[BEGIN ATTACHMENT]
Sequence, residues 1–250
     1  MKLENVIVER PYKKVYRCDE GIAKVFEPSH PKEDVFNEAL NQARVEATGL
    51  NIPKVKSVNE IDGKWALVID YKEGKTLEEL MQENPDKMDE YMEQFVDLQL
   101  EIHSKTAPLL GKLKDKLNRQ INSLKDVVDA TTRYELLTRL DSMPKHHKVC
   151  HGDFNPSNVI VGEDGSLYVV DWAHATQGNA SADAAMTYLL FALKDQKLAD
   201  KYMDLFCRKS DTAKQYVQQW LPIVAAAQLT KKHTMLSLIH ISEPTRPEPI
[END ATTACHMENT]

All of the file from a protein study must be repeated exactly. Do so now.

Sequence, residues 1–250
     1  MKLENVIVER PYKKVYRCDE GIAKVFEPSH PKEDVFNEAL NQARVEATGL
    51  NIPKVKSVNE IDGKWALVID YKEGKTLEEL MQENPDKMDE YMEQFVDLQL
   101  EIHSKTAPLL GKLKDKLNRQ INSLKDVVDA TTRYELLTRL DSMPKHHKVC
   151  HGDFNPSNVI VGEDGSLYVV DWAHATQGNA SADAAMTYLL FALKDQKLAD
   201  KYMDLFCRKS DTAKQYVQQW LPIVAAAQLT KKHTMLSLIH ISEPTRPEPI